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PITTSBURGH (AP) — Numb from medication, Jaime Maceno felt nothing when she delivered her first child, Isabella, in a hospital room about eight years ago. She remembers "a million monitors" that confined her to a bed. Workers offered an epidural almost as soon as she showed up at the hospital.
"They make you feel like you can't do it without it," said Maceno, 32, of Plum, who switched to the Midwife Center for Birth and Women's Health when her next child, Cooper, arrived in 2013. She birthed him without a single painkiller — and "lived to tell the tale."
That natural touch and modest costs are helping drive hundreds of Western Pennsylvania women each year to use midwives, part of a national shift toward more personal maternity care in both medical centers and smaller birth clinics. The stand-alone practices can cut delivery costs by up to 50 percent over traditional hospitals, according to the American Association of Birth Centers in Perkiomenville.
"We give women the freedom to deal with labor the way they need to do it. They have a lot of intuition about how to manage labor," said Ann McCarthy, clinical director at the Strip District-based Midwife Center.
The nonprofit group is on pace to guide about 470 births this year, nearly double the number it handled in 2010, organizers said. State-licensed midwives assist about half those patients with hospital deliveries, while the other half give birth in the center's century-old building on Penn Avenue. Facility fees there run about a third of national averages for childbirth.
Although hospitals also offer natural births without painkillers, midwifery advocates say their approach gives patients more one-on-one attention, coaching and control over the process, often easing drug use and softening the clinical atmosphere.
The method isn't meant for pregnancies with complications, but the 85 percent of women who need little or no intervention can do well with midwife services, said Midwife Center executive director Christine Haas. About 12 percent of its patients have Caesarian sections at hospitals, less than half the rate among low-risk pregnancies nationwide.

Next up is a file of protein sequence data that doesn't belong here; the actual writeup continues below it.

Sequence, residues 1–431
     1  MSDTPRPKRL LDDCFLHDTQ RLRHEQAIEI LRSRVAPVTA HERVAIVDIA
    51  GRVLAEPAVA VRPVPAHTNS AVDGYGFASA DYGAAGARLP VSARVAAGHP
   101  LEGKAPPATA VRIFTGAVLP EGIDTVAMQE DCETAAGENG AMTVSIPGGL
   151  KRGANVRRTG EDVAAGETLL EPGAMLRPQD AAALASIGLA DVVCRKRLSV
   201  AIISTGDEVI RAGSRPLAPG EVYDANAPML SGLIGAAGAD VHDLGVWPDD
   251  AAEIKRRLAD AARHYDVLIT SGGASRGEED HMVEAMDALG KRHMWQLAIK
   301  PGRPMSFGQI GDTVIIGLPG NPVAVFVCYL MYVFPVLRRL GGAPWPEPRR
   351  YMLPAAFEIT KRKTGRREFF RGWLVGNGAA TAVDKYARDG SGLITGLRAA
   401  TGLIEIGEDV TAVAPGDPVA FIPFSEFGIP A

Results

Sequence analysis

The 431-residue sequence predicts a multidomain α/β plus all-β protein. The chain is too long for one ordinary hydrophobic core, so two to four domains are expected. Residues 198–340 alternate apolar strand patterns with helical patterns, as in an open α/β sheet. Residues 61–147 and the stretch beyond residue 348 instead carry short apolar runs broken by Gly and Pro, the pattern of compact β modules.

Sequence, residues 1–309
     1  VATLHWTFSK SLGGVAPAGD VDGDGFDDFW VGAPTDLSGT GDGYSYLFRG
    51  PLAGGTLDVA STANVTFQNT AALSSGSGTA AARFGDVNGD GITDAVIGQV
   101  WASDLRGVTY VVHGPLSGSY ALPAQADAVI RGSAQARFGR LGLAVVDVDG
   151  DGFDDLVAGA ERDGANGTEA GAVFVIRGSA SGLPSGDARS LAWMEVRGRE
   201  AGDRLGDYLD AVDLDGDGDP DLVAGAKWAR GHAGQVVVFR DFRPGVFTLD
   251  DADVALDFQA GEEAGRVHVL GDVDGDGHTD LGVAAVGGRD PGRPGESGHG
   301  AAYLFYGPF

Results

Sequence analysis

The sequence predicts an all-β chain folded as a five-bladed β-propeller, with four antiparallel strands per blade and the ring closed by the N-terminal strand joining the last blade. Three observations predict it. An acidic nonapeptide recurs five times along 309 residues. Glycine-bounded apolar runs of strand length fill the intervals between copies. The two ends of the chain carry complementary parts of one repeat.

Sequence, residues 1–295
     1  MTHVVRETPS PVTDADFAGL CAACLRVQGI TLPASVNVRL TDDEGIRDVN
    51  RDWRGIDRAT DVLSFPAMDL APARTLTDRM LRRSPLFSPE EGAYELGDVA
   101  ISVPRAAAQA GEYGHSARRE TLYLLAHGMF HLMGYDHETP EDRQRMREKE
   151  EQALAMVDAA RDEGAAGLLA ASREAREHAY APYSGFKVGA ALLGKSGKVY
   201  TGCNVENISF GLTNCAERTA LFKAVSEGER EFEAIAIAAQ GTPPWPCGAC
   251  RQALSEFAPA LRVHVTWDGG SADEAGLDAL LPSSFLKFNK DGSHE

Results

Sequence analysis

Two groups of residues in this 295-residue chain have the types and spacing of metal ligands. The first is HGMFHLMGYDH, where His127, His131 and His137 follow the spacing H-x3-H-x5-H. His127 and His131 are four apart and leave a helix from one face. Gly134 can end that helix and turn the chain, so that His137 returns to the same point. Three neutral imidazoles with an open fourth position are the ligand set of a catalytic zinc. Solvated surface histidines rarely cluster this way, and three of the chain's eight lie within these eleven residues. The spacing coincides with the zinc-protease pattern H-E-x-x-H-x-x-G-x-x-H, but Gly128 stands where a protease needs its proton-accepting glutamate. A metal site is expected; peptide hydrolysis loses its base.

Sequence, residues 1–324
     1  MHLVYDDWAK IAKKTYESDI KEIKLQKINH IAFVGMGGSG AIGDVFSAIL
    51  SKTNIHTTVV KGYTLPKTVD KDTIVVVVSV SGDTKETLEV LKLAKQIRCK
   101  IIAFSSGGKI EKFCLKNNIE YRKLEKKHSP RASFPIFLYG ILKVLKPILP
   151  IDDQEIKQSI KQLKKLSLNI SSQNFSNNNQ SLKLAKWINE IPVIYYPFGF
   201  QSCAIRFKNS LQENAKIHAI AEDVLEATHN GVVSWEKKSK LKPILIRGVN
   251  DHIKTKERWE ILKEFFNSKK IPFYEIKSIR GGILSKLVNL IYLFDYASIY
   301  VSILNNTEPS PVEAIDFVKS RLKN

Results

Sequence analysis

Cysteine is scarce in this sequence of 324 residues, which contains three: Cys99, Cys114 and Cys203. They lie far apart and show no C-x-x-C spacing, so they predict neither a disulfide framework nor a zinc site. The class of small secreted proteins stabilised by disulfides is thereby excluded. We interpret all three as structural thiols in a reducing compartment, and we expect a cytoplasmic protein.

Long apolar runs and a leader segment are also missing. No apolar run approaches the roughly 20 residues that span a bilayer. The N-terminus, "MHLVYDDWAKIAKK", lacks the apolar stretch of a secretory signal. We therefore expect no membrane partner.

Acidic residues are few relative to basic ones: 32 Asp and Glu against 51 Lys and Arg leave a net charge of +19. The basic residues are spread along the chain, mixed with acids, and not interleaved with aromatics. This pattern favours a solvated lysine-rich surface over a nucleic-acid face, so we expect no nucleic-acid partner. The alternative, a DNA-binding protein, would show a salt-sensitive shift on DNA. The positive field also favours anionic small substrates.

At the American College of Obstetricians and Gynecologists, president Mark DeFrancesco said his nonprofit organization is comfortable with well-qualified midwives — as long as women understand the risks of non-hospital deliveries.
"They need to know that even if there's nothing in their history or their pregnancy that suggests it, there's still a chance something can go wrong," DeFrancesco said. Even low-risk pregnancies can face unexpected problems in labor, he said, though that's very rare.
He sees the best of both worlds in midwives who work inside a hospital, where specialists can intervene at once if an emergency develops.
"I think hospitals in general have tried to be more patient-friendly, mother-friendly and make it a more home-like experience," DeFrancesco said.
That's the pattern at West Penn Hospital in Bloomfield, where workers have installed birthing tubs similar to the Midwife Center's. Doctors said they are reshaping the maternity culture there to encourage more breast feeding, mobility and general comfort for mothers.
The hospital plans to start its own midwifery practice over the next few months. Midwives and nurse-midwives, who also are registered nurses, need to complete an accredited graduate program in order to be certified by the American Midwifery Certification Board.
"There's a growing effort for hospitals to look more like birthing centers and for birthing centers to have some of the same technology as hospitals, hidden away," said Ronald Thomas, who directs the maternal-fetal medicine division at West Penn.
Rival Magee-Womens Hospital of UPMC already offers an in-house midwife practice that assisted about 700 deliveries last year, not including births that involved Caesarian sections or visiting midwives, said chief nursing officer Maribeth McLaughlin.
"I think women are looking to be more engaged and involved and play a role with their provider," McLaughlin said. The midwife group helps with more than 6 percent of deliveries at the Oakland hospital.
Certified midwives attend about 8 percent of all births nationwide, reflecting two decades of near-constant growth, according to the National Center for Health Statistics.
Jessica Tang, 35, of Sewickley delivered two children at the Midwife Center in the Strip. She said preparation made a big difference.
"At the end of the day, birth is a very cultural thing," said Tang, holding her sleepy son, Connor, whom she delivered Aug. 16. "One of the things it gave me is a sense that I can do this."
Information from: Pittsburgh Post-Gazette, http://www.post-gazette.com
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